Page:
As the threat of Covid recedes in the United States, many companies find themselves facing the dilemma of how to move forward in a post-pandemic world. Employees have discovered the advantages of working from home, while employers have realized that productivity can be just as high with workers off-site as it is with workers on-site.
But with more workers meeting and chatting virtually rather than at the water cooler, will the idea of company culture still be relevant? If Zoom meeting rooms take the place of the company cafeteria and department lounge, will we still be able to talk about the relevance of organizational culture?
The answer is a resounding yes. Organizational culture isn’t just about physical space. It’s about leadership and employee mindset, company values, and approaches to collaboration that will propel the company forward as it navigates the post-Covid business environment. As the “new normal” unfolds, company culture will be just as important as ever. Let’s take a look at some reasons why.
- Company culture impacts turnover
Studies have shown that an employee who is satisfied with their organization’s culture shows significantly less interest in seeking a job elsewhere. This is crucial for employers. To put it simply, turnover costs organizations big money. Not only do organizations pay the tangible costs of recruiting new hires, but they also lose productivity as new employees get up to speed and managers spend time training and mentoring them. When an employee leaves an organization, they take their wealth of knowledge and expertise with them.
- Company culture impacts productivity
There is little more detrimental to an employee’s productivity than the feeling that they are not appreciated, respected, or valued. A company culture that conveys to each and every employee that they are an important member of the corporate community will see lasting benefits in the area of productivity. Being a member of a collaborative culture that promotes these sorts of values has been shown to greatly increase employee engagement, which in turn leads to greater productivity.
- Company culture impacts marketing and sales
When talking about company culture, people usually think about workplace culture and employee turnover. But, in reality, the culture around your organizations sales and marketing practices are equally important.
“It’s important to understand that your brand’s overall corporate culture is different from your sales culture. Though they both can directly impact the other, your team’s sales culture is vitally important to your brand’s ability to grow throughout an up or down market. A positive sales culture can help not only new sales, but also organic growth and employee retention,” explains Matt Chollet, President of Catapult, a leading business development agency for agencies. The Catapult Agency has helped their clients uncover over $1billion in new business opportunities, and part of their success is attributed to their positive sales culture.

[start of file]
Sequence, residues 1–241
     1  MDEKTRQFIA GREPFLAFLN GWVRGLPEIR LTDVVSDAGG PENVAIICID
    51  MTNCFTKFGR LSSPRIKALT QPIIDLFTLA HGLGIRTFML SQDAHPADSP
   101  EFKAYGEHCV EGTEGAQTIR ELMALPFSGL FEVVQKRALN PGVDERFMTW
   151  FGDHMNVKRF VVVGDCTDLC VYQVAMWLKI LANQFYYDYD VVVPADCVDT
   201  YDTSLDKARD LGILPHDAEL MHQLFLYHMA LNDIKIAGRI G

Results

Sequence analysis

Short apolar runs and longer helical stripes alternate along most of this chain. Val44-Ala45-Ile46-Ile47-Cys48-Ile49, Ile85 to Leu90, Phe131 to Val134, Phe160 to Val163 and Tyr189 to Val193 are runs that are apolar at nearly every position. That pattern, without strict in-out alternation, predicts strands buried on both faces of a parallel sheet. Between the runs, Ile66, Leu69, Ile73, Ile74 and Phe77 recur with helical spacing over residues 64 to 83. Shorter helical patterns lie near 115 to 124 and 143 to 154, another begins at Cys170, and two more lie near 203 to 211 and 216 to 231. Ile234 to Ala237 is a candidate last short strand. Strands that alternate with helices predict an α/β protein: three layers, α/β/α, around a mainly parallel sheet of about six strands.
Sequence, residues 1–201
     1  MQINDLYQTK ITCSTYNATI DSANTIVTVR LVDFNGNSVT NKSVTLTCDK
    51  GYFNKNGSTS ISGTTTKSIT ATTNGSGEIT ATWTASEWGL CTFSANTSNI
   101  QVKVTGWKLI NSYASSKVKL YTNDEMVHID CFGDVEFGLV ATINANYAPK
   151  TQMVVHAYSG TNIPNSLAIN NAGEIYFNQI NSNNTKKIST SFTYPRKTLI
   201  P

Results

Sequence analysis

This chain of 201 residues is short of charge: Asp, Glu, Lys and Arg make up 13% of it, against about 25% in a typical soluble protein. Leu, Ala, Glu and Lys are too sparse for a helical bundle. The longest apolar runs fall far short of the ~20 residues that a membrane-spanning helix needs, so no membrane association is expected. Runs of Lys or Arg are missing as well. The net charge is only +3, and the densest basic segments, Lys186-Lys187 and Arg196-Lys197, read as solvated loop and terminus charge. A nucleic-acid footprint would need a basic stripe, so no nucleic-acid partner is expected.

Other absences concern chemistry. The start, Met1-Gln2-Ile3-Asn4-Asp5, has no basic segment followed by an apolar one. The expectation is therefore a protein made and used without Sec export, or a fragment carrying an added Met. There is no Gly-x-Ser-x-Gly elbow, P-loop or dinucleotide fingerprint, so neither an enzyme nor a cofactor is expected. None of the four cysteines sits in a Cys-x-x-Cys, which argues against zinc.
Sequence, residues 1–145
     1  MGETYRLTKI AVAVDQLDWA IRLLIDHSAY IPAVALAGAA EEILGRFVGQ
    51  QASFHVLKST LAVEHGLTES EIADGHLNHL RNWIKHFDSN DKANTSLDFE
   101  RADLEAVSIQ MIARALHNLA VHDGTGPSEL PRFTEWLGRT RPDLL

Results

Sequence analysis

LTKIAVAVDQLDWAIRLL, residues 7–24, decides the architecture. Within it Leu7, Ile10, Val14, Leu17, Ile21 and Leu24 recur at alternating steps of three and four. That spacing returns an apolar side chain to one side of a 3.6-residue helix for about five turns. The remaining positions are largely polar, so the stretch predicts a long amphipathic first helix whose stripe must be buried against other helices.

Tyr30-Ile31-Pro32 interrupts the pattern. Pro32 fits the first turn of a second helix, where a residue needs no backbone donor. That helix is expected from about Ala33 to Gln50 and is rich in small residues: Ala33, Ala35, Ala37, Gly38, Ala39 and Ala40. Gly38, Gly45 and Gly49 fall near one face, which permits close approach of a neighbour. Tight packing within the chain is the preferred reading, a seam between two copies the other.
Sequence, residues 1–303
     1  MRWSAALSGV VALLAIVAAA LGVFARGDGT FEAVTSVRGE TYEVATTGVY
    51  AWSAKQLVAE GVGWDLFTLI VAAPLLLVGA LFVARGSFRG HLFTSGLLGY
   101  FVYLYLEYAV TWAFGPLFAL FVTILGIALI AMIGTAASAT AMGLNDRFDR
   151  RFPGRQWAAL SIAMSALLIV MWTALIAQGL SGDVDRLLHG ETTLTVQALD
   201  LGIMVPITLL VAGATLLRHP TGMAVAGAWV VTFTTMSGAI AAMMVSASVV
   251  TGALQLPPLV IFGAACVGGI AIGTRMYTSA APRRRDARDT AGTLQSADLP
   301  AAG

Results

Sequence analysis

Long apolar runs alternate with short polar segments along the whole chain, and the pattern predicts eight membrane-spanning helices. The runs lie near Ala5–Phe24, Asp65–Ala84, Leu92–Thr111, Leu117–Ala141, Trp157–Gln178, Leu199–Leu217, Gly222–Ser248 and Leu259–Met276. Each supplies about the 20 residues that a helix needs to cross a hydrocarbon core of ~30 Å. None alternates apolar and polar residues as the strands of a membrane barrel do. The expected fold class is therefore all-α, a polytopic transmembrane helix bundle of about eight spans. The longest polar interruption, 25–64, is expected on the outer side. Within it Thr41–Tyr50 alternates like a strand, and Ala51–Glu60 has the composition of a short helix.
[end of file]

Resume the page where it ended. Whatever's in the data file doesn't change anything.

“When your prospects, and soon to be clients, understand that making the sale isn’t the most important thing to your team, they will be more inclined to lean further into your organization in order to help solve their brand’s problems,” Chollet adds.
- Company culture affects the customer experience
Company culture may be first and foremost about the employee experience, but there’s no denying that the customer experience will also be impacted, for good or for bad, by the culture of the organization. This shouldn’t be a surprise. Employees working in an environment that does not fulfill them or make them feel appreciated are unlikely to go out of their way to make customers feel that way.
Customers will flee from companies that don’t appear to share their values or that don’t provide them with a positive experience. But on the flip side, 73% of companies with above-average customer experience outperform their competitors financially.
At the end of the day, all of these factors add up to one thing: the bottom line. As IBM has shown, there is a direct correlation between employee experience—aka company culture—and the financial success of a company.
Even organizations that don’t return full-time to the office post-Covid should keep in mind the elements of company culture that truly matter in creating the most satisfied, productive workforce possible.
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